World Fantasy Awards Advocacy: Send in Books and Other Material!

UPDATE: The administrator of the awards has sent a corrected address for one of the judges:

Sacha Mamczak
Heyne Verlag
Verlagsgruppe Random House
Bayerstrs. 71-73,
D-80335, München

The World Fantasy Award judges have finally been announced, and I’ve got the list along with the other relevant details from the press release below the cut. The judges pick three of the five finalists in each category—sometimes more if the judges can’t come to agreement or find more material they all agree is worthy in a particular category—with the other two being voted in by attendees of the prior year’s World Fantasy Convention as well as, I believe, those who bought supporting memberships.

As the internet and other factors have begun to open up the richness of world fantasy to the Anglo world, I’ve increasingly questioned the “World” in the World Fantasy Award, but here’s the simple truth: the judges cannot consider material they do not receive. So the simplest form of advocacy for non-center-genre stories, books, and publishers from anywhere in the world, published in English, is to make sure this material gets in front of the judges. (Also, the World Fantasy Award has been very open to indie presses.)

Having served on the judging panel before, I personally feel it’s more effective to have your editor or publisher submit a novel, anthology, magazine, or story collection but I don’t believe anything in the rules stops an individual writer from doing so.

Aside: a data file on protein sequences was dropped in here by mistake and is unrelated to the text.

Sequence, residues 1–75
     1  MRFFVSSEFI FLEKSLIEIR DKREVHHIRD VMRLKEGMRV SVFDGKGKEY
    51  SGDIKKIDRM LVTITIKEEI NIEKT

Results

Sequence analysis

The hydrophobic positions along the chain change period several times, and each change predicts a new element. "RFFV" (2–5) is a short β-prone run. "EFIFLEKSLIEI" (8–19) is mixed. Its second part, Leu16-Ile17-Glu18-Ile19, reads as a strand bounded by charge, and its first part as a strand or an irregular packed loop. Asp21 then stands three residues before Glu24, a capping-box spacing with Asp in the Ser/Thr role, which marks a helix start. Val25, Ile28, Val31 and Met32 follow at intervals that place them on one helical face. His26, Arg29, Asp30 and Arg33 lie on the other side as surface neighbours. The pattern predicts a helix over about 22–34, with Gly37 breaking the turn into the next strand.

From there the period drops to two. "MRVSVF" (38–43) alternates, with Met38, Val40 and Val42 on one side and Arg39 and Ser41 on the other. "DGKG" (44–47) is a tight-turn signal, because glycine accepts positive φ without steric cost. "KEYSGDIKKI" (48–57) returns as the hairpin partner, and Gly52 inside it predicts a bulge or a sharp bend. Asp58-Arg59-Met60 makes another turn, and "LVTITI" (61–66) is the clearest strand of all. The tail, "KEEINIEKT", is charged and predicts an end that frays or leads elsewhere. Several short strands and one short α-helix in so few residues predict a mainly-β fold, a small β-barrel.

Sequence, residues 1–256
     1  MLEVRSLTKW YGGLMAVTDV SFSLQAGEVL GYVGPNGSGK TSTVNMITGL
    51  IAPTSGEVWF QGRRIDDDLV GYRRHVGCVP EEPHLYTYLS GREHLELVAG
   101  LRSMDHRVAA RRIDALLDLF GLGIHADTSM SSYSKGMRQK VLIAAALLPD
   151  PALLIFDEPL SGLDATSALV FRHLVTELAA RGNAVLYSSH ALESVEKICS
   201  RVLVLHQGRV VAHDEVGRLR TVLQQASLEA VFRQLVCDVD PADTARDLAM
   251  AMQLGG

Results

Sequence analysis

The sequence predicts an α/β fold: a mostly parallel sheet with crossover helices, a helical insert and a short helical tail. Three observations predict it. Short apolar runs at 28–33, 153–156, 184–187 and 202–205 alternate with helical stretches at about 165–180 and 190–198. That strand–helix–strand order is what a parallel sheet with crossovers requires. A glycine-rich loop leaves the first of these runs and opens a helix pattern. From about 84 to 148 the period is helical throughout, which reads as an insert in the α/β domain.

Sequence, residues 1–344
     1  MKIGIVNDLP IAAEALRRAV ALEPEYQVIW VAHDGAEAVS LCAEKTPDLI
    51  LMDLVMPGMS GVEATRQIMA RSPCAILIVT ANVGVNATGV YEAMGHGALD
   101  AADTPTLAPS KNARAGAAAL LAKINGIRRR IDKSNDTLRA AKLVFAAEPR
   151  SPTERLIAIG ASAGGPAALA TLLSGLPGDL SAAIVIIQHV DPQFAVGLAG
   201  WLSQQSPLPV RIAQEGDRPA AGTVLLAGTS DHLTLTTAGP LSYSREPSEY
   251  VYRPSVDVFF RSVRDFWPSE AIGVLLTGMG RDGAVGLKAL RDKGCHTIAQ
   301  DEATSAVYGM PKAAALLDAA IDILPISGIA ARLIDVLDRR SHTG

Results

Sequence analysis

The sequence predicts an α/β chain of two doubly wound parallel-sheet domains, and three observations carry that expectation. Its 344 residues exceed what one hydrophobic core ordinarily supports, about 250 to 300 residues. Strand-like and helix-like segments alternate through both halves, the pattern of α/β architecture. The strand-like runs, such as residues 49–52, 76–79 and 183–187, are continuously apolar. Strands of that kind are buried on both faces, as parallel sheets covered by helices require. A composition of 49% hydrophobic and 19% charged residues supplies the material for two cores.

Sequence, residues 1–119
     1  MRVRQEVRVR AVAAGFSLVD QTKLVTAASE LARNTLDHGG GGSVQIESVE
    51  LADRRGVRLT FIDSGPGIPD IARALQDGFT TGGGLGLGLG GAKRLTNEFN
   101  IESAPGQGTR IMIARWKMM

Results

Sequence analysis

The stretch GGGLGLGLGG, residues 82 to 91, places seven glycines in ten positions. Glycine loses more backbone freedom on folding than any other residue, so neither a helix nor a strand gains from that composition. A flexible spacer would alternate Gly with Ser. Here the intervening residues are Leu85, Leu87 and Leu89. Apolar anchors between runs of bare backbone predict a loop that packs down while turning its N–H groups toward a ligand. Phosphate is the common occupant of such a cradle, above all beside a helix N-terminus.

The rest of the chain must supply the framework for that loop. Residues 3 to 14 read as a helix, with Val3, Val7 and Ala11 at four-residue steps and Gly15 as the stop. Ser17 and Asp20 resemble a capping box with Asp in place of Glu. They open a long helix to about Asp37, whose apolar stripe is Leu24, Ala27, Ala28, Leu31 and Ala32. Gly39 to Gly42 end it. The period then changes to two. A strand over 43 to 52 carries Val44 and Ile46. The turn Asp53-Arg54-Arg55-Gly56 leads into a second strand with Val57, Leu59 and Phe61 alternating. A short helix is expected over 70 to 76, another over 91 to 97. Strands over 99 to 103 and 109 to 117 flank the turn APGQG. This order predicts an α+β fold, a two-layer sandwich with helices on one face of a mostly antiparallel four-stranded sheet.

As for magazines and sites that publish fiction electronically, the editors of same might not want to assume the judges will automatically see online material. iI may be best for an editor to send print-outs of relevant material with the URL of the site, unless some other arrangement is satisfactory to the judges—by now they may have some protocols in place with regard to this issue. But, believe it or not, piles of paper can be convincing arguments to read stuff.

Certain books and magazines you can be sure are already being sent. For example, F&SF, any of the anthologies by major editors in the field, and, I believe, material from Strange Horizons, along with many more. (Anyone with additional insight, feel free to chime in.)

There’s plenty of time, since I find it doubtful the judges will even start communicating and talking about any books or stories for another couple of weeks, based on my own experience, at least. You’ll also be doing the judges a favor. I remember how excruciating it was on a tight budget to have to buy some books that weren’t sent, to make sure we considered them, or the time spent tracking down copies of things that could’ve gone toward reading. We were also surprised that some editors couldn’t be bothered to send work in; hopefully, that’s changed.